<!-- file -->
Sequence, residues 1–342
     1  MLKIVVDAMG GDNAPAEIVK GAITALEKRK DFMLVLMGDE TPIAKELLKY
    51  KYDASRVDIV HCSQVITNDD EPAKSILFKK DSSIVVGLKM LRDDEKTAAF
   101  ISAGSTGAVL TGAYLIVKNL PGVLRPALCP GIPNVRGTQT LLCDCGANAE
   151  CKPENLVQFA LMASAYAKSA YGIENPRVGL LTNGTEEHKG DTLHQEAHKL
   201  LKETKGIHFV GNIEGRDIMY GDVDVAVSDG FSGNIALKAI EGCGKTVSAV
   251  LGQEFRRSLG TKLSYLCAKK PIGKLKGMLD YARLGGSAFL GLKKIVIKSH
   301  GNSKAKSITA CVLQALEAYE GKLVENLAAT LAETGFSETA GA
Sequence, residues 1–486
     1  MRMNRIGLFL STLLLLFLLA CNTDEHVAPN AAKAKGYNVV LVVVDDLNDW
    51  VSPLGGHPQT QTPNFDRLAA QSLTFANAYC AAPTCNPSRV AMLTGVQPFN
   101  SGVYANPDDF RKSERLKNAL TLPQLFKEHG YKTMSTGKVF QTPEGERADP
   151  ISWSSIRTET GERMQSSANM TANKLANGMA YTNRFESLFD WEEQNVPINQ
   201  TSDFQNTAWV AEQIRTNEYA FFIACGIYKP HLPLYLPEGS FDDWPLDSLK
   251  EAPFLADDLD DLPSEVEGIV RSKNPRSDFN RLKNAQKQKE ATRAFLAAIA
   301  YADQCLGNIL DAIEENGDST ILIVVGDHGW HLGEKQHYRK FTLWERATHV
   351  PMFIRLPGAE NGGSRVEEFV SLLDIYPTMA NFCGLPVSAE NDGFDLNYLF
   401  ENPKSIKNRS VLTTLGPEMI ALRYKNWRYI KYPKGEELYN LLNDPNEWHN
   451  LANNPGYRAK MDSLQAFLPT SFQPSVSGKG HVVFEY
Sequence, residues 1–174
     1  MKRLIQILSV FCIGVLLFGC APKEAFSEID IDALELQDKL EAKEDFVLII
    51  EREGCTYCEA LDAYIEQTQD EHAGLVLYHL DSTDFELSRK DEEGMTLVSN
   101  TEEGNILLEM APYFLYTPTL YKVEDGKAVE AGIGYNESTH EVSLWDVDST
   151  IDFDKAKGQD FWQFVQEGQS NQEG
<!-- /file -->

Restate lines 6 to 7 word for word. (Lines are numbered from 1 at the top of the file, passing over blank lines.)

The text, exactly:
   201  LKETKGIHFV GNIEGRDIMY GDVDVAVSDG FSGNIALKAI EGCGKTVSAV
   251  LGQEFRRSLG TKLSYLCAKK PIGKLKGMLD YARLGGSAFL GLKKIVIKSH